22 out of 25 get an “F” for a lack of meaningful policies restricting antibiotic use in their beef supply chains
Hannah Lacasse, U.S. PIRG Education Fund. Hannah and U.S. PIRG have kindly allowed us to share this blog here.
Here’s our beef with the overuse of antibiotics in the beef industry.
On October 17, U.S. PIRG Education Fund, Consumer Reports, the Natural Resources Defense Council, Food Animal Concerns Trust, Friends of the Earth, and Center for Food Safety released the fourth annual Chain Reaction report. This year, the report surveyed and graded America’s top 25 burger chains on their antibiotic use policies and practices for the beef they buy.
Chain Reaction IV: Burger Edition finds that the vast majority of America’s top 25 burger chains have no meaningful policy to curb antibiotic use in their beef supply chains. This includes the world’s most recognized burger restaurant, McDonald’s.
Antibiotics are the foundations of modern medicine. If bacteria get strong enough to withstand these drugs, we will lose our ability to treat common infections, and medical advances such as chemotherapy and surgery would be much more dangerous. The World Health Organization considers antibiotic-resistant bacteria among the top threats to global public health. Experts estimate that without swift action, drug-resistant infections are on track to kill more people each year by 2050 than cancer kills today.
We’re calling on burger chains to do more than deliver burgers, an American staple, to their customers. As some of the nation’s biggest beef purchasers, burger chains are in a unique position to take a big bite out of antibiotic overuse in the meat industry.
The growing chains Shake Shack and BurgerFi stand apart from the herd, receiving A’s for comprehensive antibiotic policies. Wendy’s was the only other burger restaurant to get a passing grade; it was recognized for taking a positive, albeit meager, step toward antibiotic stewardship in sourcing its beef. Overall, the Chain Reaction IV results highlight a lack of progress in burger chains — and the beef industry as a whole.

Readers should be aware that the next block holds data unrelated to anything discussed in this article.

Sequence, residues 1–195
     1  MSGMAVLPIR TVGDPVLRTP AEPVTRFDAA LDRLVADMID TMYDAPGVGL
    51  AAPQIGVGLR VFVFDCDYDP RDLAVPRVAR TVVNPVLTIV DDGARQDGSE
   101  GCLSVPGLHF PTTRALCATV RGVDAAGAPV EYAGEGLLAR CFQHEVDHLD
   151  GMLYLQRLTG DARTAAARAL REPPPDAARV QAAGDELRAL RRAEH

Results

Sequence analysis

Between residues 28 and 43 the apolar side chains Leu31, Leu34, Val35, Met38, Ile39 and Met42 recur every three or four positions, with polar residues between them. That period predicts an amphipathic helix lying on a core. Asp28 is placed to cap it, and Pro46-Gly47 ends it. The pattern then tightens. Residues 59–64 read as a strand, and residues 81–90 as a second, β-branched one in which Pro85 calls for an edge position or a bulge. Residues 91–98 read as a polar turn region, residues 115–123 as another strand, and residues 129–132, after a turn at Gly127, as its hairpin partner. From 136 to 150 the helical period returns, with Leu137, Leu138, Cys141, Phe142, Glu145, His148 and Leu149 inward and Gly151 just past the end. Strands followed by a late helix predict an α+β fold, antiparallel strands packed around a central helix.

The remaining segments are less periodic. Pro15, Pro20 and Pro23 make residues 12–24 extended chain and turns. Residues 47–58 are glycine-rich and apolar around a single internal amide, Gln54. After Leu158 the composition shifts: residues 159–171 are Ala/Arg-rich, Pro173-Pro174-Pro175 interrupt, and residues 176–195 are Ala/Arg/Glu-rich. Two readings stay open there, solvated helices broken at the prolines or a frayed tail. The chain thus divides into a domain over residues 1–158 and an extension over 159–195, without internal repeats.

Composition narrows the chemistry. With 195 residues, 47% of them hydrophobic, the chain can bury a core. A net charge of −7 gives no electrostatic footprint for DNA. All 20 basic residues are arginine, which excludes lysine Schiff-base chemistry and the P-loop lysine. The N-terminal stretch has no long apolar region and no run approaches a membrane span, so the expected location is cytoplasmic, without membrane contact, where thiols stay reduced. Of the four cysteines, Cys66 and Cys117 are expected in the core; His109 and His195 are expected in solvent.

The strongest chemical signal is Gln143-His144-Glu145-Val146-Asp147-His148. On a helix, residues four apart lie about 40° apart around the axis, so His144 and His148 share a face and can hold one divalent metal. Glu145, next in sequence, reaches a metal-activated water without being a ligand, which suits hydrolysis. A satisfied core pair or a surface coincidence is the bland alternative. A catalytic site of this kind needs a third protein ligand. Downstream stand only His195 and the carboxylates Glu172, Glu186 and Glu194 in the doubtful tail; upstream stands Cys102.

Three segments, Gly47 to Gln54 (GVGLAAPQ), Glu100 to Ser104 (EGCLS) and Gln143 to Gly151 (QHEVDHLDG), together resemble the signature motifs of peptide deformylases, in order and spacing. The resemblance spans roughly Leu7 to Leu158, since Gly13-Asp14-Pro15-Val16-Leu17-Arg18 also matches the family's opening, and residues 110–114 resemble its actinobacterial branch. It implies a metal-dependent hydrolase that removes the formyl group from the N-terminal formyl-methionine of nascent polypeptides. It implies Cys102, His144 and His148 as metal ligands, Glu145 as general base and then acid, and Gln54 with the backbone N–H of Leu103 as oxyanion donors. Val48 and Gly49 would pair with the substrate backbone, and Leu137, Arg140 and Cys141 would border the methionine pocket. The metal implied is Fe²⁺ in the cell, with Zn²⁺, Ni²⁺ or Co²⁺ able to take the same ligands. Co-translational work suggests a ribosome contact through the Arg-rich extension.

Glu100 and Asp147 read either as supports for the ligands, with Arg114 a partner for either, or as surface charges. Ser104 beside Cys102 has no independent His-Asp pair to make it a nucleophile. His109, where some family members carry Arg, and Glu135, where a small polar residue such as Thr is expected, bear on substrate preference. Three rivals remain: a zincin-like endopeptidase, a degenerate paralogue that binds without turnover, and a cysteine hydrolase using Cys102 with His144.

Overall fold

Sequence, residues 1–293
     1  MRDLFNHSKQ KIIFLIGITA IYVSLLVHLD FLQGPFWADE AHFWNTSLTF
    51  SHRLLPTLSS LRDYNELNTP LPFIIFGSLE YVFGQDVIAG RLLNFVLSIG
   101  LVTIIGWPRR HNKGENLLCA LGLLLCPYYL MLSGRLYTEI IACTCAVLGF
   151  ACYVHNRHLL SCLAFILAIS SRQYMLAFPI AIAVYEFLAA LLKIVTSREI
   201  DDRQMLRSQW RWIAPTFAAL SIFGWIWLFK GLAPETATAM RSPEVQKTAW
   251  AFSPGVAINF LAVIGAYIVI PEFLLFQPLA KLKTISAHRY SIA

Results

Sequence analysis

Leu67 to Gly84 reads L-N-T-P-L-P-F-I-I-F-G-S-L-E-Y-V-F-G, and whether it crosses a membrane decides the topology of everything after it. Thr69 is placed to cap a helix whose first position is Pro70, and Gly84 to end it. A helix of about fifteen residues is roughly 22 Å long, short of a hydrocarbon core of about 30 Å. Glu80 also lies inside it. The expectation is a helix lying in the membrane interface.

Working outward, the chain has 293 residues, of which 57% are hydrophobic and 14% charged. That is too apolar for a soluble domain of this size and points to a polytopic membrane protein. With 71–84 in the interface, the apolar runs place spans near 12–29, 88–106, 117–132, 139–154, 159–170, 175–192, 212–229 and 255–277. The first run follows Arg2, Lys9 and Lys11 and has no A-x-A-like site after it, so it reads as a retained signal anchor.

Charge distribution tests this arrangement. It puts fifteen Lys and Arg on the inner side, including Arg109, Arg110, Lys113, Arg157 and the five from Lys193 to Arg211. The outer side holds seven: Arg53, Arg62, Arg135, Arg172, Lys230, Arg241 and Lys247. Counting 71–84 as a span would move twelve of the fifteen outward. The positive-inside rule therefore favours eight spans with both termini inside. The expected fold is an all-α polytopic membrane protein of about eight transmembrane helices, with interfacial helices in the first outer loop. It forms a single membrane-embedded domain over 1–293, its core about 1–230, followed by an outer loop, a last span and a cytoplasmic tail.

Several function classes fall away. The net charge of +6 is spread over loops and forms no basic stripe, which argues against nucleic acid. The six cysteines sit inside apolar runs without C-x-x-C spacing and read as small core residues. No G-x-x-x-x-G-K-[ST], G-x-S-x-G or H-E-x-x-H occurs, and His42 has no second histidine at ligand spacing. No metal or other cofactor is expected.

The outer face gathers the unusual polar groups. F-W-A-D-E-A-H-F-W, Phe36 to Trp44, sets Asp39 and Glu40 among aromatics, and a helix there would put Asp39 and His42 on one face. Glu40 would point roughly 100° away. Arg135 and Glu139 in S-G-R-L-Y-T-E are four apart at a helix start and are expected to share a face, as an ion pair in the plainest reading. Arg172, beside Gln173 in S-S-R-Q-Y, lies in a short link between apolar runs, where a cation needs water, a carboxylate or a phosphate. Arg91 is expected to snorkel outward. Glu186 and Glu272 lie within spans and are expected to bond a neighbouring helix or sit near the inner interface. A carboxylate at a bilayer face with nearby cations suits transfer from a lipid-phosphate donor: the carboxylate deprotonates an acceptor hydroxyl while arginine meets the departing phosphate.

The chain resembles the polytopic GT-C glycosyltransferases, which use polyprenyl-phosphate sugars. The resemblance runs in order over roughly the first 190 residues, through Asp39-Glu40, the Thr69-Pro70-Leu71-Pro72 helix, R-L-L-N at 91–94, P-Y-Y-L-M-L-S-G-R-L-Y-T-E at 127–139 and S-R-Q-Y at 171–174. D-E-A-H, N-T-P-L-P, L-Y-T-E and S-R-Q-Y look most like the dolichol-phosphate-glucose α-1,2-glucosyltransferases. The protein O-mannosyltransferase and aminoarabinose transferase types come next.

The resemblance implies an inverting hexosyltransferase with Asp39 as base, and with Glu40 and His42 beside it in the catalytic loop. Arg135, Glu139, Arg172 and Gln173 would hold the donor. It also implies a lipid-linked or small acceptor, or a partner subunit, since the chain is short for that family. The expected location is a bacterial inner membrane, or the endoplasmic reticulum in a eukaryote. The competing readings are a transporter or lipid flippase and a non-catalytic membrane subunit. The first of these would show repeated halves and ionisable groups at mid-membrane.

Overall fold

The beef industry accounts for 43 percent of medically-important antibiotics sold to the meat industry — more than any other meat sector. Many meat producers routinely use antibiotics in animals that aren’t sick to avert problems brought on by the stresses of conventional beef production practices.
The overuse of antibiotics in livestock production contributes to the spread of antibiotic-resistant bacteria. As Chain Reaction IV notes, the more that antibiotics are used, the more bacteria become immune to them.
The World Health Organization recently called for a complete restriction of the use of medically-important antibiotics in animals that aren’t sick, because of the risks to human health. With the effectiveness of these life-saving medicines in jeopardy, it’s important to curb overuse in meat production now.
Here are some of the findings of the Chain Reaction IV Burger Chain Scorecard:
· Failing grades for most chains: Twenty-two burger chains received an “F” grade because they lack meaningful policies to govern antibiotic use in their beef supply chains.
· A new generation leads the way: BurgerFi and Shake Shack received the only two “A” grades in the burger scorecard. Both companies currently serve only beef raised without antibiotics.
· A baby step by a big company: Wendy’s received a “D-” because it buys 15 percent of its beef supply from producers that have reduced the use of one medically-important antibiotic, tylosin, by 20 percent. The policy represents progress, yet is far from comprehensive.
· Don’t just take their word for it: Shake Shack and Wendy’s, two of the three burger chains with passing grades, got points for using suppliers who have a third party verify their antibiotic use.
· Intention without follow-through: McDonald’s, the largest beef purchaser in the United States, has announced a vision for antibiotic stewardship for its meat supply chain, but hasn’t committed to a timeline to implement it beyond chicken. In-N-Out Burger also has publicly pledged to source meat raised without routine antibiotics but it hasn’t committed to a timeline either.
McDonald’s has pledged to use its “scale for good” when it comes to responsible antibiotic use. But its promises have come up short so far for the beef it purchases. In 2017, McDonald’s announced an updated vision for antibiotic stewardship across its meat supply chain but has yet to commit to a timeline for implementation beyond chicken. As the nation’s largest single buyer of beef, following through on these pledges could initiate meaningful shifts in the beef industry away from antibiotic overuse. Consumers and stakeholder groups have been urging McDonald’s to fulfill its promise to its customers and to public health.
We need burger chains — especially McDonald’s — to commit to sourcing beef raised without routine antibiotic use. Our children and grandchildren deserve to live in a world like ours where antibiotics can stymie infections effectively — not a world like our grandparents’, where infections are so much more deadly.